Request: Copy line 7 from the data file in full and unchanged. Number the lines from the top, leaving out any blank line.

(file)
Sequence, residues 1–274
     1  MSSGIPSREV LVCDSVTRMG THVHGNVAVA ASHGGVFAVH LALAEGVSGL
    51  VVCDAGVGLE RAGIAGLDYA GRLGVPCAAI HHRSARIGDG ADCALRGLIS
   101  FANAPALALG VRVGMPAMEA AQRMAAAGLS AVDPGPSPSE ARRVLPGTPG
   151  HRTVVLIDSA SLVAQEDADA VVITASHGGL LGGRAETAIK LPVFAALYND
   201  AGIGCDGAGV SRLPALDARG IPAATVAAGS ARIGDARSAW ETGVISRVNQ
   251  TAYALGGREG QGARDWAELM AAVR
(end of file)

   251  TAYALGGREG QGARDWAELM AAVR